Karl Wilhelm Scheele The Founder of Bleach

Discovering Chlorine

Karl Wilhelm Scheele, the seventh of eleven children, born December 9, 1742, to a Swedish couple in Stralsund, was an apprentice to an apothecary in Gothenburg by the age of 14. A dozen years later he was working in a Stockholm pharmacy, studying and experimenting in his spare time with the pharmacy’s salts, acids, ores, crystals, and other chemical wonders of the Eighteenth Century.

Although Scheele isolated oxygen, discovered glycerine, prepared the first hydrogen sulfide, noted the action of light on silver compounds, and wrote papers on a host of chemical analyses, the single work that was the foundation for more discoveries than any of his others was a paper he authored on manganese in which he announced the existence of chlorine. It also led to the subsequent isolation of manganese and barium.

Scheele died May 21, 1786, but the research into the production of and use for chlorine has continued to this day. During the year prior to his death, Count Claude-Louis Berthollet, a French textile producer, prepared a bleaching agent by dissolving gaseous (non-electrolytic) chlorine in water. In 1789, he improved this bleaching agent by adding the chlorine to a caustic potash solution. This bleaching agent became known as ‘eau de Javelle’, taking its name from Berthollet’s chemical plant in Paris. In parts of Europe and Canada, this nomenclature still is used to denote hypochlorite.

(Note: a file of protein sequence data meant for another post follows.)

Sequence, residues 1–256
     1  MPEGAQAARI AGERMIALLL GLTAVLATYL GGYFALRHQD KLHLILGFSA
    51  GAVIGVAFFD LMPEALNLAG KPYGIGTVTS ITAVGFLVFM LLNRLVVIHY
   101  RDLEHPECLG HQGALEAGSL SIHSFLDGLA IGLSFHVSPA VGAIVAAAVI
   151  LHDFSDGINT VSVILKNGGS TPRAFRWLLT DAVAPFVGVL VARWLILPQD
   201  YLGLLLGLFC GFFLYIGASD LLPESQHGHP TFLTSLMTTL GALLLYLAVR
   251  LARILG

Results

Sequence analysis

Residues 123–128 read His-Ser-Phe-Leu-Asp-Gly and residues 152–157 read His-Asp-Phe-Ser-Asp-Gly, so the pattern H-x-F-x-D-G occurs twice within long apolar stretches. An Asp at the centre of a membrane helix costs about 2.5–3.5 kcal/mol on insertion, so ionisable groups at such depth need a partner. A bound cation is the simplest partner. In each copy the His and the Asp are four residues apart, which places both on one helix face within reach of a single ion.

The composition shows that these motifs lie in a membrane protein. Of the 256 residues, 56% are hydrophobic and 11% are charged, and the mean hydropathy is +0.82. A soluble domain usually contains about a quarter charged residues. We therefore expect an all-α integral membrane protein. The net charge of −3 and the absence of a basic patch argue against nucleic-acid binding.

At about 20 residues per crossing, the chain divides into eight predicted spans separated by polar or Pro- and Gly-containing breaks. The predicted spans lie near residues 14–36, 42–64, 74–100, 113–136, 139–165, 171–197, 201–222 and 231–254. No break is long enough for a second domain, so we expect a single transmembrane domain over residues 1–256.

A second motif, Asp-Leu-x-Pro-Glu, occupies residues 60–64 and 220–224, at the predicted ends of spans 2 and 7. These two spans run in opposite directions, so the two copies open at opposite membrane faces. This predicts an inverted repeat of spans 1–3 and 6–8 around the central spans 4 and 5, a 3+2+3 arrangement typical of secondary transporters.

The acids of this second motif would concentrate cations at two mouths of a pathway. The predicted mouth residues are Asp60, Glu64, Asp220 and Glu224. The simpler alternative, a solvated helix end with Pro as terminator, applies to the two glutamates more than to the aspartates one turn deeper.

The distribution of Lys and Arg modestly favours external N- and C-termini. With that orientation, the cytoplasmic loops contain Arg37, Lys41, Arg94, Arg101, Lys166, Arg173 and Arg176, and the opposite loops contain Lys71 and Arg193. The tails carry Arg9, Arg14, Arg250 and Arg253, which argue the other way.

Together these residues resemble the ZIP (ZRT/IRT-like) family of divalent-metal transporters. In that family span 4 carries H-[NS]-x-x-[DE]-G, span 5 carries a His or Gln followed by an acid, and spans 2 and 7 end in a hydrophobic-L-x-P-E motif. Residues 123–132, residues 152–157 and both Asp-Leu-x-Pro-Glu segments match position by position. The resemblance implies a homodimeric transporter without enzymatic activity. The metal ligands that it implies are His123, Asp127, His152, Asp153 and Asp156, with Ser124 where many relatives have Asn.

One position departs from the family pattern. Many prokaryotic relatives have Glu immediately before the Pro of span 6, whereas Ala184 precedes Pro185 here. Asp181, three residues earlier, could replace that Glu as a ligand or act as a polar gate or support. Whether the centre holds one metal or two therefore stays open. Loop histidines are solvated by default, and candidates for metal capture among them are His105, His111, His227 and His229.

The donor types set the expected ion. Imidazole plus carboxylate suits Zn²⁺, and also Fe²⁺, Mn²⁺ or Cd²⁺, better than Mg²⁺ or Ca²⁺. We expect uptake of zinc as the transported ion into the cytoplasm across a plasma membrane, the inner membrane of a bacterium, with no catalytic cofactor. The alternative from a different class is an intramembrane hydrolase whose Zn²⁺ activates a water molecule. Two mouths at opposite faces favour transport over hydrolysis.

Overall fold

As the popularity of the bleach solution spread throughout the Western world in the Nineteenth century, many names became attached to production technology. In the U.S., the first electrolytically produced chlorine for bleach was at a plant in Rumford Falls, Maine in 1892. This plant used a cell equipped with an asbestos diaphragm developed by Ernest A. LeSueur from Canada.

In the U.S., the first commercial delivery of liquefied chlorine in cylinders was made in 1909, and in the same year, a Michigan company was the first in America to ship liquid chlorine in a 15-ton single tank carload.

By 1924, the estimated yearly capacity of all commercial plants in the U.S. and Canada was approximately 180,000 tons of chlorine gas, of which about 46,000 tons were liquefied. These figures do not include the U.S. Army’s Edgewood, Maryland Arsenal plant’s annual chlorine gas production capacity of 36,500 tons.


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